Money can’t buy you love

by Kate on October 14, 2012

Money can't buy you happiness

Money can’t buy you love, and it can’t buy you happiness either. But we need it, so how can we get it in perspective? Here are some Sunday musings on money.

In his book “Authentic Happiness”, Martin Seligman suggests what many of us are pretty sure is true –  “money can’t buy your happiness”. We sometimes try to buy it, by purchasing things, or holidays or seeking accomplishments, but the more we have the more we want. The happiness doesn’t last.

Here’s what Seligman writes:

How important money is to you, more than money itself, influences your happiness. Materialism seems to be counterproductive: at all levels of real income, people who value money more than other goals are less satisfied with their lives as a whole, although precisely why is a mystery.

In short, it’s not money that’s the problem. It’s how we think about it, and the place it occupies in our lives.

It’s tricky to think about money in a helpful way, as we face pressures which often seem to pull us to place money, and the pursuit of it, front and centre. For example:

I work with business people, especially in smaller business, which means money, profit and managing the financial part of business is central to conversations. Money isn’t everything, but it is very important – especially now, when times are a bit tougher for many.

At a personal level, we need to generate an income so we can meet our needs today and in the future. We must pay off debt and put aside savings to pay for raising a family, caring for our elders, and to support us as we get older. Yes, we want to enjoy life, and we need to be financially responsible.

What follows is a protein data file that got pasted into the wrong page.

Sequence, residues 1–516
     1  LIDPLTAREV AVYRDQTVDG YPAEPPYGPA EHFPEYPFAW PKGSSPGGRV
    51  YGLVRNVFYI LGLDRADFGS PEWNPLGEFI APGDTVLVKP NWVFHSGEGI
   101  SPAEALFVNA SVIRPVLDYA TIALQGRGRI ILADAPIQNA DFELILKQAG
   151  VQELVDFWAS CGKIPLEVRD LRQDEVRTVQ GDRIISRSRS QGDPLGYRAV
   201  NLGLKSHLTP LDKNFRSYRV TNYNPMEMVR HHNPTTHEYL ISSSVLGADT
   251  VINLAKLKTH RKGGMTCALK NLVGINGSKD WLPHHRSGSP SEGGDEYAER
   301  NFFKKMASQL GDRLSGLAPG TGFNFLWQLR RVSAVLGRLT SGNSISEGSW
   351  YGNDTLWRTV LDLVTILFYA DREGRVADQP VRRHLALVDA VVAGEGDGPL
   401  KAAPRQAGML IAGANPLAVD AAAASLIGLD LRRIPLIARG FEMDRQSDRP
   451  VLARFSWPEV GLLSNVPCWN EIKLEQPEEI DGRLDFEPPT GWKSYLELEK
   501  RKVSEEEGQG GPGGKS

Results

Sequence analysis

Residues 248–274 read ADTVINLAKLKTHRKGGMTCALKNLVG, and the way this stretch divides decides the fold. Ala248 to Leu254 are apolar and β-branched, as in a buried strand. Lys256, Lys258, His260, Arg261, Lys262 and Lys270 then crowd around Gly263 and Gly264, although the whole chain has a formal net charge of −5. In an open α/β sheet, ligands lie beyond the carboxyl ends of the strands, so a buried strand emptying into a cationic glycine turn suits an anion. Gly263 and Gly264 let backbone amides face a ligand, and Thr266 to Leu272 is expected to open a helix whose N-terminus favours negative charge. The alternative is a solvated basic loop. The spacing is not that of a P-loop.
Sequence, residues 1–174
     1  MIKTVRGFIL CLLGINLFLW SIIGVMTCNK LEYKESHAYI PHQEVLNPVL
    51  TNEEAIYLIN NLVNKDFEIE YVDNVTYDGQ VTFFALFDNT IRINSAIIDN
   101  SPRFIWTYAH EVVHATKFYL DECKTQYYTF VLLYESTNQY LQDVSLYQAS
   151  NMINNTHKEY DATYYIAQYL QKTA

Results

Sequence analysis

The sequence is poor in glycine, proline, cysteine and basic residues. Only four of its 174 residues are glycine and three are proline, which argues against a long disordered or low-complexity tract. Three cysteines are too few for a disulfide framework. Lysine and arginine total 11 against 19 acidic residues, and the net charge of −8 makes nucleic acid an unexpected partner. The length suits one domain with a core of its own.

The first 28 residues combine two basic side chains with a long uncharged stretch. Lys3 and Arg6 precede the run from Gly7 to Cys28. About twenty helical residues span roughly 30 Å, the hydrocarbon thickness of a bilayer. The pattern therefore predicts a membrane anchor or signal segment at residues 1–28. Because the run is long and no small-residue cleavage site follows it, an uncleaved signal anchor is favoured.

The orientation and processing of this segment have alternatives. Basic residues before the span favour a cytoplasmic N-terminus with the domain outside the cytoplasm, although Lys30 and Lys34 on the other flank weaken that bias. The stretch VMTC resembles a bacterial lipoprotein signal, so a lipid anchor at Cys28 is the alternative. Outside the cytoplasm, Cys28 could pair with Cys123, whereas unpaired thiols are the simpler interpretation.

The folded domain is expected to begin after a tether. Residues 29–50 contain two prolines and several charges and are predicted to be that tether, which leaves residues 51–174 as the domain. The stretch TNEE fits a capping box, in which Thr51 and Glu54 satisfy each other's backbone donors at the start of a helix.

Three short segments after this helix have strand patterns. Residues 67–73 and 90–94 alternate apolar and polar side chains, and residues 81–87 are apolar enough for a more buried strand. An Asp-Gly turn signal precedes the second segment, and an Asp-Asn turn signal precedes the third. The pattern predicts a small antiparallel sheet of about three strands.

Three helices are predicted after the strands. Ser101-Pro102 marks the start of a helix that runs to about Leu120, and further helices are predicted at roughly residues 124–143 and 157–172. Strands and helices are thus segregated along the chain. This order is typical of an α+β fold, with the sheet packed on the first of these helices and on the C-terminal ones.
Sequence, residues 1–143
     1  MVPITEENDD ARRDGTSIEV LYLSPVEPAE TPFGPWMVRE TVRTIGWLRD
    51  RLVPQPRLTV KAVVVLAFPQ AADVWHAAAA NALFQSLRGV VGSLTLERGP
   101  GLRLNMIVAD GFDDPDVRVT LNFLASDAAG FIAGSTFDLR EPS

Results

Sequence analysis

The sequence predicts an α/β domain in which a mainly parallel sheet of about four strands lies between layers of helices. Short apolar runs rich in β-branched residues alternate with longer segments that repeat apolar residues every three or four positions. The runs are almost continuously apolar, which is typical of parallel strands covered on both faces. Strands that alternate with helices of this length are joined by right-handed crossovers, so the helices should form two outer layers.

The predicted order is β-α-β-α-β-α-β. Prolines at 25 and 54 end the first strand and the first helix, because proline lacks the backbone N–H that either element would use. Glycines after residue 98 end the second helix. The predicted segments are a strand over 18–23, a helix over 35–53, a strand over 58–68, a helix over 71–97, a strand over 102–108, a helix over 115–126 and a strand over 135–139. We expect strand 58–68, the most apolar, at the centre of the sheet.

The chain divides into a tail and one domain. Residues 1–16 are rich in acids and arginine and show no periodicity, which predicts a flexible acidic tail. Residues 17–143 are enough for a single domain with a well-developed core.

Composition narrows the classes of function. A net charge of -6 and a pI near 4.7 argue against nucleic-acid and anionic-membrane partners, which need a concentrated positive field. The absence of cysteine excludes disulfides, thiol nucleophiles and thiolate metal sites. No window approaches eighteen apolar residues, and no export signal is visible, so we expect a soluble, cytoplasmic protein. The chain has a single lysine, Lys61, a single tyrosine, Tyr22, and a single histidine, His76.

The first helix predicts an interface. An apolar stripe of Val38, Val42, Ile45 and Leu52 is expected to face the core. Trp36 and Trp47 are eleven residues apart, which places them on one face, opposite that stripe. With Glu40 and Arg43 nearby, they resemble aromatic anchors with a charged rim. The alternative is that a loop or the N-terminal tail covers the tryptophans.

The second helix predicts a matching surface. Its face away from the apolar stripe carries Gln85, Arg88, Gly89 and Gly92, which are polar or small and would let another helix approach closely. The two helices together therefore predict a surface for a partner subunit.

What’s your attitude to money?

Billy Graham said, “If a person gets his attitude to money straight, it will straighten out almost every other area in his life.”.

Since money can’t buy happiness, yet we need it, and it can be downright problematic when the money part of life doesn’t work,  we might be well advised to reflect on our relationship to money.

I’m just starting to explore this topic, and perhaps these questions can be a good start.

  • What does financial responsibility look like? Consider in terms of being able to generate an income now and into the future, and also putting aside savings
  • What can I do that will give me a sense of control over the money side of life?
  • What are my non-financial goals? What am I doing to progress towards them and get a sense of accomplishment. Do this for business and personal life.

Have you got thoughts on this? Please leave a comment below.

What if you’re facing financial stress?

Many people are facing tough times and financial stress at the moment. I know looking at these money questions isn’t especially easy when that happens. When we are concerned about money, it tends to become much more high profile in our lives.

If that’s you, here are some tips

  • I’d definitely recommend reading Seligman’s book for some helpful insights. One excellent suggestion is to take 5 minutes each day (just before you brush your teeth before bed), and write down up to 5 things you are grateful or thankful for. Do it for 14 days and see how you feel.
  • If you’re in business and feeling financial stress. Here are some tips we created over at Smart Franchise.
  • At an personal level, check out the tips at www.moneysmart.gov.au. You might also consider popping by my pal, Nancy Zimmerman’s blog. Nancy is a money coach, and she posts cool stuff to get people thinking about money and priorities.

 

For counselling, help and advice, related to mental health and depression, consider the following resources:

Black Dog Institute  - www.blackdoginstitute.org.au

Beyond Blue – www.beyondblue.org.au

Lifeline - www.lifeline.org.au 

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